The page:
Last week I published my annual “Unpredictions” for 2011. This tradition grew out of the fact that I hate doing predictions and my marketing team loves them. So we compromise by predicting what won’t happen.

But the truth is that the annual prediction ritual – while trite – is really just trend-spotting. And trend-spotting is an important skill for entrepreneurs. Fortunately it’s a skill that can be acquired, at least it can with enough deliberate practice (another skill I talk about here).

Here are five habits you should consider cultivating if being a better trend spotter is in your career roadmap.

Read voraciously. I read about 50 books every year.  About half of them are business books, and I also mix in a bit of fiction, humor, American history, architecture and urban planning, and evolutionary biology.  I keep up with more than 50 blogs and I read all the trade publications that cover email.  I also read the Wall Street Journal and The Economist regularly.  What you read is a little less important than just reading a lot, and diversely.

Use social media (wisely). Julia Child once said that the key to success in life was having great parents. My advice to you is quite a bit simpler:  make friends with smart people. Facebook, Twitter, LinkedIn and others have given us a window into the world unlike any other. Status updates, tweets, and – maybe most important of all – links shared by your network of friends and colleagues gives you a sense of what people are talking about, thinking about and working on. And you can’t just lurk.  You actually have to be “in” to get something “out.”

Follow the money. Pay attention to where money gets invested and spent. This includes keeping an eye on venture capital, private equity, and the public markets, as well as where clients (mostly IT and marketing departments) are spending their dollars and what kinds of people they are hiring. Money flows toward ideas that people think will succeed. A pattern of investments in particular areas will give you clues to what might be the big ideas over the next five to 10 years.

Get out of the office: I think it’s hugely important for anyone in business, and especially entrepreneurs, to spend time in the world to get fresh perspectives. I’m not sure who coined the phrase, but our head of product management, Mike Mills, frequently refers to the NIHITO principle – Nothing Interesting Happens in the Office.  Now that’s not entirely true – running a company means needing to spend a huge amount of time with people and on people issues, but last year I traveled nearly 160,000 miles around the world meeting with prospect, clients, partners and industry luminaries. You don’t have to be a road warrior to get this one right – you can attend events in your local area, develop a local network of people you can meet with regularly – but you do have to get out there.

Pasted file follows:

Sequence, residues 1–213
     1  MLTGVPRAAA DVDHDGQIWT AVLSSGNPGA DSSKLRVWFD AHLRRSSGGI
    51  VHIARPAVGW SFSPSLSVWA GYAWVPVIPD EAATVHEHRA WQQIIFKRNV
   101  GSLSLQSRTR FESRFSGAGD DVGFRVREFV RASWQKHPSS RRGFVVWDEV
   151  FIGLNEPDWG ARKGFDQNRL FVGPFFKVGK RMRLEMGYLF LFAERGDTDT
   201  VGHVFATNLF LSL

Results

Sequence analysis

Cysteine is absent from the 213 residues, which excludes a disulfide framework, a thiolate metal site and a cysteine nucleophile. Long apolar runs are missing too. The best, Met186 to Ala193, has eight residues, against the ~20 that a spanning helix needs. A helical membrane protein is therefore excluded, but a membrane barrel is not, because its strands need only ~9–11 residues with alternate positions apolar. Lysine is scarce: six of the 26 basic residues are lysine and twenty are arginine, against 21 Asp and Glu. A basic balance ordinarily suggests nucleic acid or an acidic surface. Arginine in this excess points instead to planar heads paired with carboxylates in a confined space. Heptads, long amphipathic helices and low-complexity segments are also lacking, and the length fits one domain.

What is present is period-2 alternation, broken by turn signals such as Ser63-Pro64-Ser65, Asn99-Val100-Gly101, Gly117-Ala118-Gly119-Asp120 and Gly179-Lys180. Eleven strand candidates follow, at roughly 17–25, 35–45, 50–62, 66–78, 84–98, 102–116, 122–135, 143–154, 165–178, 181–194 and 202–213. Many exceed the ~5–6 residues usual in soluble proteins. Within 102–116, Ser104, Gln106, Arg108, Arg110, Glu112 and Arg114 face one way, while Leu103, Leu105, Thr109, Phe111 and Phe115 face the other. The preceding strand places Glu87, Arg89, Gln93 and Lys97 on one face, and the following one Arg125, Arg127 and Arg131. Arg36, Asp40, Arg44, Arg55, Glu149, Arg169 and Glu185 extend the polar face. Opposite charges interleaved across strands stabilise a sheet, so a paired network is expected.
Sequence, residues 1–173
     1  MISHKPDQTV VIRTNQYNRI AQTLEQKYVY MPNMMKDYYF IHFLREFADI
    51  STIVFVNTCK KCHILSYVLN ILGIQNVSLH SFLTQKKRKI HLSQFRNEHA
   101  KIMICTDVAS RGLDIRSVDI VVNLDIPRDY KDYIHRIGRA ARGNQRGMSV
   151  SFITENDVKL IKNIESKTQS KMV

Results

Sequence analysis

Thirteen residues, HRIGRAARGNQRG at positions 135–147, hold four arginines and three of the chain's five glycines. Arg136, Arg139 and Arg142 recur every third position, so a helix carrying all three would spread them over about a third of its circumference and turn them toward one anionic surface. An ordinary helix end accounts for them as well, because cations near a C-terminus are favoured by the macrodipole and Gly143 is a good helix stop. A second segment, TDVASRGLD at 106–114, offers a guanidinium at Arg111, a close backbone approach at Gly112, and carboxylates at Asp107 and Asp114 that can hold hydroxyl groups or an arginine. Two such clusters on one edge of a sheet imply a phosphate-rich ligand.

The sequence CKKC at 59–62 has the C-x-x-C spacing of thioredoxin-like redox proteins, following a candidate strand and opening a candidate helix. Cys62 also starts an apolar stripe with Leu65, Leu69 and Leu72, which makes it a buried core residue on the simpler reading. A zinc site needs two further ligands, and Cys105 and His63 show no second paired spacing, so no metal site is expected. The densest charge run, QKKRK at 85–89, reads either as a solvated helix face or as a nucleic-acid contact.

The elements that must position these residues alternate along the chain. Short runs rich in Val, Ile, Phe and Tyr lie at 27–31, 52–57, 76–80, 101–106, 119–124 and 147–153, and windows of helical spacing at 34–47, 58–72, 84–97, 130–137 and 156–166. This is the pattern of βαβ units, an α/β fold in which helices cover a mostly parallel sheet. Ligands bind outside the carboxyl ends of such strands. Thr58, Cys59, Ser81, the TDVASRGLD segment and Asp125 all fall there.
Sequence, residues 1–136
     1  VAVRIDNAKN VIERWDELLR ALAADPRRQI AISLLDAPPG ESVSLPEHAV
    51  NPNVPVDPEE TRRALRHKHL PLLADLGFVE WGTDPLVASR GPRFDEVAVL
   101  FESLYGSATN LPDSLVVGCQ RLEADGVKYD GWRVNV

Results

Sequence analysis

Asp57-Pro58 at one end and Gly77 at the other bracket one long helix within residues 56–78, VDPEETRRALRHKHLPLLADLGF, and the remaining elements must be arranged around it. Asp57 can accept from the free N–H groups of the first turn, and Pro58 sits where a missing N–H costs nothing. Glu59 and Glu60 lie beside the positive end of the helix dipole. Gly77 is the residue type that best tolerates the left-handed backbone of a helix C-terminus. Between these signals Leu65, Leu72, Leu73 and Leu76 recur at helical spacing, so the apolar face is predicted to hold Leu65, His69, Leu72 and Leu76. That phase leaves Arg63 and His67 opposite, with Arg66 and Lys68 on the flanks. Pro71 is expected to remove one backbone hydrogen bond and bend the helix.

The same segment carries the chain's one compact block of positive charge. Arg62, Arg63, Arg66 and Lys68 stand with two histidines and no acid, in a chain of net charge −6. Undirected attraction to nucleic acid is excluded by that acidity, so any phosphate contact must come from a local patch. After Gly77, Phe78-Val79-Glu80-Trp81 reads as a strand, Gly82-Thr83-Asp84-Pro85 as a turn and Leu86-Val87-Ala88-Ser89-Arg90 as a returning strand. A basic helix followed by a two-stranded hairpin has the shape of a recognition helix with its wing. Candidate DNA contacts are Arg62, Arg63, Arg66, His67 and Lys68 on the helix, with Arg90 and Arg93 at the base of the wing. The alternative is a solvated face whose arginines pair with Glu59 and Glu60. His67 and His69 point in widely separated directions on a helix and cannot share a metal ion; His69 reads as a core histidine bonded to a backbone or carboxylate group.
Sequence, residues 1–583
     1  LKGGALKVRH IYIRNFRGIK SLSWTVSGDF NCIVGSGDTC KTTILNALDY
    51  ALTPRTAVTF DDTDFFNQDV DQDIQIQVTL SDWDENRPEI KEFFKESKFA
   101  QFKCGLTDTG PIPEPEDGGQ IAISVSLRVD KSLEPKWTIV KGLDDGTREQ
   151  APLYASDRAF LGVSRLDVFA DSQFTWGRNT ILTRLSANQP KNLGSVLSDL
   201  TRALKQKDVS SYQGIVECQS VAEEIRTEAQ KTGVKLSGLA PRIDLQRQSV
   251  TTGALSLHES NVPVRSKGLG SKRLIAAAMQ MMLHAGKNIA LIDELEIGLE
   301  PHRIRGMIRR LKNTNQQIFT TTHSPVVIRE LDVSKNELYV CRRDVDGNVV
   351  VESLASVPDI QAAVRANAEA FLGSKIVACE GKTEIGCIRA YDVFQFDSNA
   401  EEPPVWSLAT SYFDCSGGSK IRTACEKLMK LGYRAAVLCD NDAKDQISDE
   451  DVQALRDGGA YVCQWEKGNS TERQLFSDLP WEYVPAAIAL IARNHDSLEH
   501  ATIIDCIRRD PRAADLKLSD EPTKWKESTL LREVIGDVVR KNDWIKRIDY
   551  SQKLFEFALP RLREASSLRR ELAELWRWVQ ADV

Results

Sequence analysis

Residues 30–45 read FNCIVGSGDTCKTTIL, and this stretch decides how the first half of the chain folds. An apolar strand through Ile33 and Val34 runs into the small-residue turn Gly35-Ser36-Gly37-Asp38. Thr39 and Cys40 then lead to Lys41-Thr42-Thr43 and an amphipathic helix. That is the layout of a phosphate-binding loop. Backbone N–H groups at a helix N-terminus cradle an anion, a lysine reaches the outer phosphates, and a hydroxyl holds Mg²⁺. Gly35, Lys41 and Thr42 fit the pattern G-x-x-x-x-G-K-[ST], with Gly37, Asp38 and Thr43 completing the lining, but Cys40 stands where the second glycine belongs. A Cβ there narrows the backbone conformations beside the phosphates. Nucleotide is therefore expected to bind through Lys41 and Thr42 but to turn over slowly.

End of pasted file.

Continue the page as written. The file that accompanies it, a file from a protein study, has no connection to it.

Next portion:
Take a break. While you need information to understand trends, you can quickly get overloaded with too much data.  Trend spotting is, in many ways, about pattern recognition. And that is often easier to do when your mind is relaxed.  Ever notice that you have moments of true epiphany in the shower or while running? Give yourself time every week to unplug and let your mind recharge. As Steven Covey says, “sharpen that saw”!

Jan 032011

Macroeconomics for Startups

Macroeconomics for Startups

I’m not an economist.  I don’t play one on TV.  In fact, I only took one Econ class at Princeton (taught by Ben Bernanke, no less), and I barely passed it.  In any case, while I’m not an economist, I do read The Economist, religiously at that, and I’ve been reading so much about macroeconomic policies and news the past 18 months that I feel like I finally have a decent rudimentary grip on the subject.  But still, the subject doesn’t always translate as well to the average entrepreneur as microeconomics does – most business people have good intuitive understandings of supply, demand, and pricing.  But who knows what monetary policy is and why they should care?

So here’s my quick & dirty cut at Macroeconomics for Startups.  What do some of the buzzwords you read about in the news mean to you?